I remember all the grousing from the two-rail guys about the Atlas 0-6-0.  It was never good enough for them because they knew that deep down, it was fundamentally a hi-rail loco.  Among other things, 3-rail locos must have a narrower chassis and/or a wider cylinder saddle to accommodate the wider driving wheel tires (traditionally about 0.215" vs. 0.145" or less for scale.)  Going from Hi-rail to scale, you could cut down the wide tires, make new ones, or swap in 2-rail wheelsets.  You would probably have to add washers or spacers between the back of the wheels and the frame to take up the slop and keep everything centered.  Such a conversion requires a lot of skilled machine work, but it's doable.

Going the other way is very difficult or impossible.  Even Joe Foehrkolb refused to do it.  A loco born exclusively as a 2-rail model will start out with narrower wheel treads and a correspondingly wider frame.  Even if you get the 0.215" treads with pizza cutter flanges to straddle that chassis and still fit within the gauge, you would have to redo the cylinder saddle, valve gear, etc.  Major problems.

To the folks who keep mentioning the C&LS model: it's irrelelvant whether it sells for $2 or $2000.  It's not operable on any hi-rail layout, and since it began life as a pure 2-rail model it can't be converted in situ to 3-rail.  Perhaps you could bolt a Williams J chassis under the WM boiler, and some people would be happy with that.  Personally I wouldn't, and I can't imagine that such a conversion would be cost effective.  As I said before, it might as well not exist and doesn't affect the economics of an exclusively 3-rail production run, except that we shouldn't expect our 2-rail brethren to bolster the reservation count.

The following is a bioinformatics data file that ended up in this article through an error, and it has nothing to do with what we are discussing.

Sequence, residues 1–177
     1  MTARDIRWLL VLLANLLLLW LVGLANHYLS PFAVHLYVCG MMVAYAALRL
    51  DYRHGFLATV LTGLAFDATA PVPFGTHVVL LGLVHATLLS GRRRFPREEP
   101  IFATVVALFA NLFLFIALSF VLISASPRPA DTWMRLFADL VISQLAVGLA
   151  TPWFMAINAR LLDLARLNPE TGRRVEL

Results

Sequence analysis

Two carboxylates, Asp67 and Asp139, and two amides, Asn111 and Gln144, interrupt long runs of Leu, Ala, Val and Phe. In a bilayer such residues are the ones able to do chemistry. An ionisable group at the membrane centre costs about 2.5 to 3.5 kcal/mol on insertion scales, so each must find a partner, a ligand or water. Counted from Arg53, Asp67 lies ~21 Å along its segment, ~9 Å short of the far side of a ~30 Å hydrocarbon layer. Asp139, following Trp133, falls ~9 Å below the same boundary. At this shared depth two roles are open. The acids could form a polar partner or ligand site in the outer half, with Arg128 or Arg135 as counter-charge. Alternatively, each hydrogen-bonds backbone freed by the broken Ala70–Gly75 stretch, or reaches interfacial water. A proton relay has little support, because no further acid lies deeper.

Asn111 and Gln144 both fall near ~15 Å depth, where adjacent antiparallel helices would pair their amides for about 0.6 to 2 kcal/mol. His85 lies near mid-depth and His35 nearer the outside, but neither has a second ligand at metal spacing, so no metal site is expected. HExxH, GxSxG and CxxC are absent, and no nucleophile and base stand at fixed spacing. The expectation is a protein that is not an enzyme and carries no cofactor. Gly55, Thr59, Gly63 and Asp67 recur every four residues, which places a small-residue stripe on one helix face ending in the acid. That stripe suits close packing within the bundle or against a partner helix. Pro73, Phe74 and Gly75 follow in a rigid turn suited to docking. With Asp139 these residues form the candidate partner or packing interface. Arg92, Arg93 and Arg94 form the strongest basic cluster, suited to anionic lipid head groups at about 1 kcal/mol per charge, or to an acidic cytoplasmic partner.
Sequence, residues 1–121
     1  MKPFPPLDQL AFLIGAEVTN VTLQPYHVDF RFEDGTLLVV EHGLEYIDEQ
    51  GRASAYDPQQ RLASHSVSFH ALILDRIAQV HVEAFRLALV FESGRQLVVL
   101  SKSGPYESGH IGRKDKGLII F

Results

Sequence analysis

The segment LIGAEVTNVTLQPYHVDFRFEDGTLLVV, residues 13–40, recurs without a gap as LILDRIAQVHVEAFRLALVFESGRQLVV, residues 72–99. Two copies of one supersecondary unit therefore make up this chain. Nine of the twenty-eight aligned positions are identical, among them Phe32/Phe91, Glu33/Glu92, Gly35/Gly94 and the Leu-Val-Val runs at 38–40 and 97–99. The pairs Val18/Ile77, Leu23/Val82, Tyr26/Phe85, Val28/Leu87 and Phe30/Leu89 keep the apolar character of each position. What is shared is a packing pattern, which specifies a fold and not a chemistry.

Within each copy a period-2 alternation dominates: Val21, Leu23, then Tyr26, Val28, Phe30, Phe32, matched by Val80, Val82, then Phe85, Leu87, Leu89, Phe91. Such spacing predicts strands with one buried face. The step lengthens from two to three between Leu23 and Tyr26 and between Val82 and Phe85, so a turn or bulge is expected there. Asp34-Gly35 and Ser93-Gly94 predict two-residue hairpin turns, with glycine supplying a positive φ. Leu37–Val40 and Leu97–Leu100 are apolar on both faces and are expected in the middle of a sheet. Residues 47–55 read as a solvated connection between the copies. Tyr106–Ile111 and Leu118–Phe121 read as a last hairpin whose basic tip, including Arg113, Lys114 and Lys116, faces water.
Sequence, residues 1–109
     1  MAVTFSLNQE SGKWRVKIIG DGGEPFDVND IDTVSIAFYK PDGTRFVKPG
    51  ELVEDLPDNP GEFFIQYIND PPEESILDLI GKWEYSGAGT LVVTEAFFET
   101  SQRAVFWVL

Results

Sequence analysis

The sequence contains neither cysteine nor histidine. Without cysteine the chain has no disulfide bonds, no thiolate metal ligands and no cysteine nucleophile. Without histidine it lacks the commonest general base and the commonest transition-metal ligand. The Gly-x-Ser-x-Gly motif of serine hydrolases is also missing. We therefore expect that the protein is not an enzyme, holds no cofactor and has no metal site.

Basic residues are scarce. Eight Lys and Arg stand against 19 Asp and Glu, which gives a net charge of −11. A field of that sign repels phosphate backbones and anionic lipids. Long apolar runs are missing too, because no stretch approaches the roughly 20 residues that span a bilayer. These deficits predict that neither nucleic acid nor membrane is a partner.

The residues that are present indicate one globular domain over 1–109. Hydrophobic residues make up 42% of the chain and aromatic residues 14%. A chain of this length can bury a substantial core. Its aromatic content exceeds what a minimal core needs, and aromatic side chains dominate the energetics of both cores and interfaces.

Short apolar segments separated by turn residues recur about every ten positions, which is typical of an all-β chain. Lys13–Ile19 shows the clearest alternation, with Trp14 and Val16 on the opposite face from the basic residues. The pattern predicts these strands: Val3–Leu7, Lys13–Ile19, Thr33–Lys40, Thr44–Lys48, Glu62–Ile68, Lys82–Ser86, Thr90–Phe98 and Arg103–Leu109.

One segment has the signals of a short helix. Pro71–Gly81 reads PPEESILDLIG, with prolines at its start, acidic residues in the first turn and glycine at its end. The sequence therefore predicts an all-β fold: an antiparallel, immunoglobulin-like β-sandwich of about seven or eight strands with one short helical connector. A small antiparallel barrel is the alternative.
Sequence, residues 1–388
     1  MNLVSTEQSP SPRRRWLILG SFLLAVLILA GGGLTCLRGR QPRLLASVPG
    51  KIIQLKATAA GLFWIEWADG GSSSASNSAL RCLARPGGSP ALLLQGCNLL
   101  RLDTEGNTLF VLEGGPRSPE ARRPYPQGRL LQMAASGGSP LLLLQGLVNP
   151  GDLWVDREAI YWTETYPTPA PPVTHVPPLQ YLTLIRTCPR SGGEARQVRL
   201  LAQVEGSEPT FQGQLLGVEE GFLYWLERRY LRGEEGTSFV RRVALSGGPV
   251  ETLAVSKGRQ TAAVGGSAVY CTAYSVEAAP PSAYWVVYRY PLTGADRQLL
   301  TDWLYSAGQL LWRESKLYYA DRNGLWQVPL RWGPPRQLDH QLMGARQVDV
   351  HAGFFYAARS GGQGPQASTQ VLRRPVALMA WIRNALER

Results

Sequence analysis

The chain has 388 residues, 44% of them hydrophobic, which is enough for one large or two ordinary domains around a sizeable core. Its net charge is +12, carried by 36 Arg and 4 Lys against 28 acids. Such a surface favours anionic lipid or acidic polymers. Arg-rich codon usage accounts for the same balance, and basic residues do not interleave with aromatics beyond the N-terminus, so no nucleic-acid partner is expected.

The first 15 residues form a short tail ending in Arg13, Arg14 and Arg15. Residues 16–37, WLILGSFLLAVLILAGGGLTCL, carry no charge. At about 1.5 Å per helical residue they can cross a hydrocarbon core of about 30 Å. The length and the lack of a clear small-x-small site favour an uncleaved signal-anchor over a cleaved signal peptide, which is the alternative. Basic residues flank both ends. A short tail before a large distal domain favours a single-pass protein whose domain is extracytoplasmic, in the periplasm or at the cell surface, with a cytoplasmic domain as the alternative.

I'm starting to think that this big, rawboned, and handsome 4-8-4 could be a future Lionel Brass Hybrid riding on the N&W J or Reading T1 chassis.  In either case, newly tooled driving wheels are a must!

Last edited by Ted S

If anyone is taking reservations, I'm in. I discussed the Potomac with MTH, Weaver and Sunset (3rd Rail) at York several years ago and told them I would like one. I have approximately 200 locomotives and haven't purchased a high end locomotive since the Vision Line Big Boy but I would purchase a Potomac.  

mark s posted:

One difficulty in using the chassis from other 4-8-4's is that the WM 4-8-4 had 69" drivers, probably the lowest ever employed on a 4-8-4.

Low, indeed - but the N&W J class 4-8-4 only had 70" drivers, so there is another possible chassis donor. And, as mentioned above, that prototype 1" difference is absolutely imperceptible in a 1:48 model, assuming that the 3RO (or any format, actually) model actually had scale 70" drivers anyway, which is unlikely.

Those fat, deep flanges kind of keep us humble in the 3RO driver size department.

Anyway, just suggesting possibilities. I wouldn't buy the Potomac anyway - but that big WM 2-10-0 which MTH (or Lionel) should have made already? That  would make me go "Hmmmm....".

Well, count me in for ANY newly tooled Western Maryland locomotives. 3rd Rail, I have a lot of reservations in at the moment and this would force me to add to them